By Felicia Schwartz and Dion Nissenbaum
The beheading of journalist James Foley has prompted American officials to begin working to knit together a broader international campaign to combat the extremists of the Islamic State, an effort that the Pentagon warned will require taking the fight beyond Iraq and into neighboring Syria.
The Obama administration has indicated it is prepared to continue selective airstrikes against the extremists inside Iraq, where they have seized significant swaths of territory. But Gen. Martin Dempsey, the chairman of the Joint Chiefs of Staff, warned that the Islamic State, also known as the Islamic State of Iraq and Syria, can't be defeated without choking off its operations in Syria.
"And that will come when we have a coalition in the region that takes on the task of defeating ISIS over time," he said at a Pentagon press conference, where he appeared with Defense Secretary Chuck Hagel. When asked specifically whether the U.S. was considering airstrikes in Syria, Mr. Hagel said all options were on the table.
Organizing an international response is difficult because even nations that agree they are threatened by the Islamist extremist movement are feuding on other aspects of Middle East policy, but clear options for action are emerging.
European nations have already begun sending limited military supplies to Kurdish fighters in Iraq, who are engaging ISIS forces in the north of the country. U.S. officials want Arab allies in the Persian Gulf to help persuade their allies among Sunni tribes in Iraq to support a new central government being formed by the new prime minister, Haider al-Abadi. That, they believe, is crucial to creating an Iraqi government strong enough to counter ISIS.
U.S. officials also want Persian Gulf states to choke off any financial support their citizens may be providing to Islamic extremist forces. They also hope the new sense of international alarm will convince Turkey to more closely monitor its long border with Syria and Iraq and stop would-be Islamist fighters from Europe and the Middle East from crossing over to join ISIS forces.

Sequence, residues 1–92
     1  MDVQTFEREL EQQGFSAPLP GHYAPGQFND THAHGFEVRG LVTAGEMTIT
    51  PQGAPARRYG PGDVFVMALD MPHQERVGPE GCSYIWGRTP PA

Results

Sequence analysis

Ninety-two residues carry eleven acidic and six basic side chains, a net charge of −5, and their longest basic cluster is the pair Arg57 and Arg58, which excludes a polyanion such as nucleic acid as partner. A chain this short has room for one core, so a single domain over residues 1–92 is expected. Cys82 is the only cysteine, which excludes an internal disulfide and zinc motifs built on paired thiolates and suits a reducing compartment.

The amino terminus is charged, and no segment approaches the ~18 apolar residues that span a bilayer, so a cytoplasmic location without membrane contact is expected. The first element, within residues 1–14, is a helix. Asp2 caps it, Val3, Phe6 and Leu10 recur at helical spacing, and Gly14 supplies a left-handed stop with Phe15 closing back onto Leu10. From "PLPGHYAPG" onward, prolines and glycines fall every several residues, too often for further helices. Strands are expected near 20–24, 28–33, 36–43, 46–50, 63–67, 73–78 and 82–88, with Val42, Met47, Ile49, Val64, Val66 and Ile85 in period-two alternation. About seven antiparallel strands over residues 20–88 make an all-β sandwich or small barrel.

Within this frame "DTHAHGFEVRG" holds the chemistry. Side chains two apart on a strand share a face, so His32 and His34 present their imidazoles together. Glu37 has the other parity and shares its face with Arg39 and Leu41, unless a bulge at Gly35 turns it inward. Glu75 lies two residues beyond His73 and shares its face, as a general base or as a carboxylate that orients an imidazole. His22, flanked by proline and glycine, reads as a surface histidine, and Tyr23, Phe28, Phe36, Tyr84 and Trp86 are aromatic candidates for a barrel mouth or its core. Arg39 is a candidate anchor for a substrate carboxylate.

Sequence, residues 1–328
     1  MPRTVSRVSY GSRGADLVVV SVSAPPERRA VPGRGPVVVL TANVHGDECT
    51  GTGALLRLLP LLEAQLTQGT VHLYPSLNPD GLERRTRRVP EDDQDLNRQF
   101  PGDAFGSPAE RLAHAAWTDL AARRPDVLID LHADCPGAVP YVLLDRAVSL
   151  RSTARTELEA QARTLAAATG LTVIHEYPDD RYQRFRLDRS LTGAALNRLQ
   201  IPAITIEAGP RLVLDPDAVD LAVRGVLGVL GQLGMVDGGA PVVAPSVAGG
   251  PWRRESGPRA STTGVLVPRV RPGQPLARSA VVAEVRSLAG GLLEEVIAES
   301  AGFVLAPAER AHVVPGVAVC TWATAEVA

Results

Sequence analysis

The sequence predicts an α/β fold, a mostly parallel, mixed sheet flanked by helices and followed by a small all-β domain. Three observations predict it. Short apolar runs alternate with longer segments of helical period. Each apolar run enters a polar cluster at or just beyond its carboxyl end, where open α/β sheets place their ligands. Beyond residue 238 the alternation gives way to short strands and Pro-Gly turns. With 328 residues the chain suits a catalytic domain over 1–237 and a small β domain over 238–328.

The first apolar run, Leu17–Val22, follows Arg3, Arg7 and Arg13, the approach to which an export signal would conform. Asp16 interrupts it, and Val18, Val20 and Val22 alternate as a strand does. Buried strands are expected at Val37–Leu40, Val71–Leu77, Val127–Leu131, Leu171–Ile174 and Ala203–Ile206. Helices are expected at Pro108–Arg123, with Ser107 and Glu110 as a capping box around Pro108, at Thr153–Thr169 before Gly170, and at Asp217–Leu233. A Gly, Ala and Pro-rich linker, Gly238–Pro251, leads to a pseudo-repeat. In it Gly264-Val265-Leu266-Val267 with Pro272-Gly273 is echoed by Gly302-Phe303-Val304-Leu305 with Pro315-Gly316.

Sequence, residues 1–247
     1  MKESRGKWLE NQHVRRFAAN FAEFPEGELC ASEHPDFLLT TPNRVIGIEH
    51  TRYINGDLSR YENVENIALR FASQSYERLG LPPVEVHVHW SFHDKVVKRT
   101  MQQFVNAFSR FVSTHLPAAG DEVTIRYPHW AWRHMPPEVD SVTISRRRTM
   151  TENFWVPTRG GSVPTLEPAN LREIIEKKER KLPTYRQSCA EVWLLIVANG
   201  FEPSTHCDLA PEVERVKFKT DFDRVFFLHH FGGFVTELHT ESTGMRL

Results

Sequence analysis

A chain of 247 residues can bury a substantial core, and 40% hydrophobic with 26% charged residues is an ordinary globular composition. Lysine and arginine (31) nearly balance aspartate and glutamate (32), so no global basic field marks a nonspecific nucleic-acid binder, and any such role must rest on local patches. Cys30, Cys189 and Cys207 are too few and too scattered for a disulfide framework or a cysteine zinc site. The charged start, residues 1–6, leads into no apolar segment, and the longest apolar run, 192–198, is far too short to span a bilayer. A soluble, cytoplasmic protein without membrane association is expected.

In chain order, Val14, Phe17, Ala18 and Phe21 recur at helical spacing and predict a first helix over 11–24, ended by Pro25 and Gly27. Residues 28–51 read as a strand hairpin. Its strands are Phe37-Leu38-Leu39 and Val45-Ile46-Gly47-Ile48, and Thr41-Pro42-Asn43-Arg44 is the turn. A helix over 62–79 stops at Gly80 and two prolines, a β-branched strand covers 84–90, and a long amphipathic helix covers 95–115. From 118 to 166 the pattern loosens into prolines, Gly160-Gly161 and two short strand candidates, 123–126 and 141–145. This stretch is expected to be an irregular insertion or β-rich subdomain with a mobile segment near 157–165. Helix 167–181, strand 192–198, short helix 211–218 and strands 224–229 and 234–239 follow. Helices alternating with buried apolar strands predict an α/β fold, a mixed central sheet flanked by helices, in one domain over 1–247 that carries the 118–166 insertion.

Meantime, officials note that Iran, a Shiite country deeply at odds with Sunni Arab states, joined the U.S. in praising the choice of Mr. al-Abadi as Iraq's new leader, raising the prospect that Tehran will be more supportive than it has been in building a stronger Iraqi central government to combat ISIS.
Some analysts warned that defeating ISIS will require the Obama administration to adopt a more aggressive stance of its own.
"For the U.S. to begin to roll back ISIS's advance, we're going to have to use multiple tools, but among them, at the centerpiece of the tool set, is going to have to be a greater military footprint -- from the air to be sure, but on both sides of the Iraq and Syria border," said Matthew Levitt, director of the Washington Institute's Stein Program on Counterterrorism and Intelligence. "That will then have a trickle-down effect on our ability to deal with a host of issues, including ISIS's finances."
(An expanded version of this report appears on WSJ:com: http://online.wsj.com/articles/u-s-seeks-international-action-against-islamist-militants-1408663805?mod=mktw.)
-Felicia Schwartz; 415-439-6400; AskNewswires@dowjones.com
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08-22-14 0036ETCopyright (c) 2014 Dow Jones & Company, Inc.